Knowledge of the life-history and population dynamics of Australia’s iconic and evolutionarily distinct platypus (Ornithorhynchus anatinus) remains poor. We marked-recaptured 812 unique platypuses (total 1,622 captures), over four decades (1973–2014) in the Shoalhaven River, Australia. Strong sex-age differences were observed in life-history, including morphology and longevity. Apparent survival of adult females (Φ = 0.76) were higher than adult males (Φ = 0.57), as in juveniles: females Φ = 0.27, males Φ = 0.13. Females were highly likely to remain in the same pool (adult: P = 0.85, juvenile: P = 0.88), while residency rates were lower for males (adult: P = 0.74, juvenile: P = 0.46). We combined survival, movement and life-histories to develop population viability models and test the impact of a range of life-history parameters. While using estimated apparent survival produced unviable populations (mean population growth rate r = −0.23, extinction within 20 years), considering residency rates to adjust survival estimates, indicated more stable populations (r = 0.004, p = 0.04 of 100-year extinction). Further sensitivity analyses highlighted adult female survival and overall success of dispersal as most affecting viability. Findings provide robust life-history and viability estimates for a difficult study species. These could support developing large-scale population dynamics models required to underpin a much needed national risk assessment for the platypus, already declining in parts of its current distribution.

Online: http://www.nature.com/articles/srep16073

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Catelotti et al. 2015 Inundation Requirements for Persistence and Recovery of River Red Gums (Eucalyptus camaldulensis) in Semi-arid Australia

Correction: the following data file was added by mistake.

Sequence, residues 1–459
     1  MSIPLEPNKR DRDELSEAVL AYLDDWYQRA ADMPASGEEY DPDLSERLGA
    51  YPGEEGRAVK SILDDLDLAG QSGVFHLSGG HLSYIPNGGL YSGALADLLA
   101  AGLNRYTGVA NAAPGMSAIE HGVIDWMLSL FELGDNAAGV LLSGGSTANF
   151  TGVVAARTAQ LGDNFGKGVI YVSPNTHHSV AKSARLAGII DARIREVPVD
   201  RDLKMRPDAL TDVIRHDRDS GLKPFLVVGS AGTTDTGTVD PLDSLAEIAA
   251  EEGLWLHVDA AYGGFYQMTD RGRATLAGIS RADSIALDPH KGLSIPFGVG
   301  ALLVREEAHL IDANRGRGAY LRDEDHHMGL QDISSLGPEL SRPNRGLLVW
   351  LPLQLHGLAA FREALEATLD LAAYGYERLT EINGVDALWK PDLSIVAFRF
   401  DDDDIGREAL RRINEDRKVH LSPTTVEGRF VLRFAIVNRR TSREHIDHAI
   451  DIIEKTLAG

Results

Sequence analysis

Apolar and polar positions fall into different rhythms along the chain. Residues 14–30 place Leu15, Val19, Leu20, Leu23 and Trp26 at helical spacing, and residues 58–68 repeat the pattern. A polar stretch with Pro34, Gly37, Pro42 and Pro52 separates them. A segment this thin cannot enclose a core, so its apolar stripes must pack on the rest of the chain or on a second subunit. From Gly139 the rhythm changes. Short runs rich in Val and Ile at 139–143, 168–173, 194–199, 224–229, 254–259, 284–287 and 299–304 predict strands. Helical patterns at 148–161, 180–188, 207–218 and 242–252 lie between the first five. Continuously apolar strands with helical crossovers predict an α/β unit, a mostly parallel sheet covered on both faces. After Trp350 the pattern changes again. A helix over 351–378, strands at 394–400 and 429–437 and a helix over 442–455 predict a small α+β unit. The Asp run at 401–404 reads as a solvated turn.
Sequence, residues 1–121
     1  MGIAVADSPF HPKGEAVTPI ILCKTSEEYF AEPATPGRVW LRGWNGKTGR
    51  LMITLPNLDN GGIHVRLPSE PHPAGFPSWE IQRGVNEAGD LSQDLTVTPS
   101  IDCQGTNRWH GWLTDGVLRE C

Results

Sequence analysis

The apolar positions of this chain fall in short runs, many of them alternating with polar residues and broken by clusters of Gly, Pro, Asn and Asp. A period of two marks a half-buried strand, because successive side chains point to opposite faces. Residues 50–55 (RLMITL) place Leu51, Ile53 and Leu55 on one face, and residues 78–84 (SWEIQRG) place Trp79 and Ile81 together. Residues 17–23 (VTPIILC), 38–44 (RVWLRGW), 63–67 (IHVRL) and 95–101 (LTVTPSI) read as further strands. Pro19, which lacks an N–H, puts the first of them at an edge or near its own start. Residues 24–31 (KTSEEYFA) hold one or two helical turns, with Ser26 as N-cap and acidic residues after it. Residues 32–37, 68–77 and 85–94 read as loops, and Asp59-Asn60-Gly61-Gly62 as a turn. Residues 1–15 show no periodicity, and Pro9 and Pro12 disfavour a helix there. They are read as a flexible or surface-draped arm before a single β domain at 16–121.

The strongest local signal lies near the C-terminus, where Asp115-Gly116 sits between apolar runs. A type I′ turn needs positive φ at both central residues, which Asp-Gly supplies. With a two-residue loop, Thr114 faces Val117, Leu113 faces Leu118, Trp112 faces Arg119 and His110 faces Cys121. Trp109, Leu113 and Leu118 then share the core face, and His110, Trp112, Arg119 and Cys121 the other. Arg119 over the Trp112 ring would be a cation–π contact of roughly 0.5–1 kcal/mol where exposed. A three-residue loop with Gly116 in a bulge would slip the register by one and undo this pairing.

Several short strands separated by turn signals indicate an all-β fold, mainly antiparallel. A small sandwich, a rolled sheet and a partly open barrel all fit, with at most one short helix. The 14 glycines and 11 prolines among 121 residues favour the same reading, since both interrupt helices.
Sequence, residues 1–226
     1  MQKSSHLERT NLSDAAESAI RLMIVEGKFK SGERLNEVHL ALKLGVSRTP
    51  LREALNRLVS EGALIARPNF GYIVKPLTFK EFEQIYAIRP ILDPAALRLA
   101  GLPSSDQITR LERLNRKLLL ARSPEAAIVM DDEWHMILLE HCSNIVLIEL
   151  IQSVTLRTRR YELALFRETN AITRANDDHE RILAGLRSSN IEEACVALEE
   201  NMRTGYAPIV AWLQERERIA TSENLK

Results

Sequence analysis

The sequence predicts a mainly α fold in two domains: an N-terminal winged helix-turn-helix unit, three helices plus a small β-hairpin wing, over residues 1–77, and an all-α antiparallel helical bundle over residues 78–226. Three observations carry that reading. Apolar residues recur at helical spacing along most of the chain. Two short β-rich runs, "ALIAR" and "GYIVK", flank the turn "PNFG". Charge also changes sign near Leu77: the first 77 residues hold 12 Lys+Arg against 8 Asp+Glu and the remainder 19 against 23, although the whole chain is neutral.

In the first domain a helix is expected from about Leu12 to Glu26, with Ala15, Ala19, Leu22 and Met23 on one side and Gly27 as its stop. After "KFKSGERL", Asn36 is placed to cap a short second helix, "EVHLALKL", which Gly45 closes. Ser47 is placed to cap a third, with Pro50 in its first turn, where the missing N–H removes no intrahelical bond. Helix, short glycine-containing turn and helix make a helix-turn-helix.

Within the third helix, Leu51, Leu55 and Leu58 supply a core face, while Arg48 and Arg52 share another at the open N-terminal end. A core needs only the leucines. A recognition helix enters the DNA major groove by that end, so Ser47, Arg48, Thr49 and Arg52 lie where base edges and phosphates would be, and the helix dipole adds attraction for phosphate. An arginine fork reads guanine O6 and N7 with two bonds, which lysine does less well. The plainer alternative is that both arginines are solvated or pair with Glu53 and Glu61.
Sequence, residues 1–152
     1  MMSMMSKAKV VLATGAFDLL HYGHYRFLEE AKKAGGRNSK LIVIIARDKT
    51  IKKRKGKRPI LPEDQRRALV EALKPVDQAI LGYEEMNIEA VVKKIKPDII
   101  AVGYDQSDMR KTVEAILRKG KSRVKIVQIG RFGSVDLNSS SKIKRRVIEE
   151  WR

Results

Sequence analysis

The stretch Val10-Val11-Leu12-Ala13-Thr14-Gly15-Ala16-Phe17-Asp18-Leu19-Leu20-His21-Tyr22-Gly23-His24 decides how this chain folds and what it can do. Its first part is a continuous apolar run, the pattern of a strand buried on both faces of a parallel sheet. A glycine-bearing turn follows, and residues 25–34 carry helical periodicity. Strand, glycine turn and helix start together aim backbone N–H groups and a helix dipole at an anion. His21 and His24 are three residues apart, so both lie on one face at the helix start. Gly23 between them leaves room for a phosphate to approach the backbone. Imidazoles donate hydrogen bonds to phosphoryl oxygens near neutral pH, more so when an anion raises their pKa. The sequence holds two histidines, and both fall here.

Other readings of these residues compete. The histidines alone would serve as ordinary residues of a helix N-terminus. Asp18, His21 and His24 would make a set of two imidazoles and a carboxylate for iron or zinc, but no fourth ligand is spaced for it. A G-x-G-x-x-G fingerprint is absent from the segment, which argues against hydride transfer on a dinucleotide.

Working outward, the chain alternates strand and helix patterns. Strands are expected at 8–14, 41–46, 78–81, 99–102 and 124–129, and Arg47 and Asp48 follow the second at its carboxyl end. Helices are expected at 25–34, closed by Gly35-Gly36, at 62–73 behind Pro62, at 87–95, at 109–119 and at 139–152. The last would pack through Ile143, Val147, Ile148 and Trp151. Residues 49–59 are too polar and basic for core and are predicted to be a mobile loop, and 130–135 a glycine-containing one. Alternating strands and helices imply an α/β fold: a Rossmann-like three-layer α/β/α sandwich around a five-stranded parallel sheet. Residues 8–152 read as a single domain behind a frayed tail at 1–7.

The building of dams and diversion from rivers has had a major impact on the wetlands of the Murray-Darling Basin. The Macquarie Marshes is one of the better studied of these wetlands. It is a wetland of international importance under the Ramsar Convention, one which the Australian Government has formally notified the Ramsar Bureau of likely ecological change in character, predominantly because of the impacts of water resource development. To read the publication click here

Bino et al. 2014 Maximizing colonial waterbirds' breeding events using identified ecological thresholds and environmental flow management

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Bino et al. 2014 Identifying minimal sets of survey techniques for multi-species monitoring across landscapes: An approach utilising species distribution models

Go to article

Bino et al. 2013 Adaptive management of Ramsar wetlands View PDF
Kingsford et al. 2013 Waterbird communities in the Murray-Darling Basin, 1983-2012 View PDF
Bino et al. 2013 Niche evolution in Australian terrestrial mammals? Clarifying scale-dependencies in phylogenetic and functional drivers of co-occurrence

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Bino et al. 2013 Improving bioregional frameworks for conservation by including mammal distributions

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Bino 2012 Using atlas data for large scale conservation strategies: a case study of NSW’s mammals

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Roger et al. 2012 Linking habitat suitability and road mortalities across geographic ranges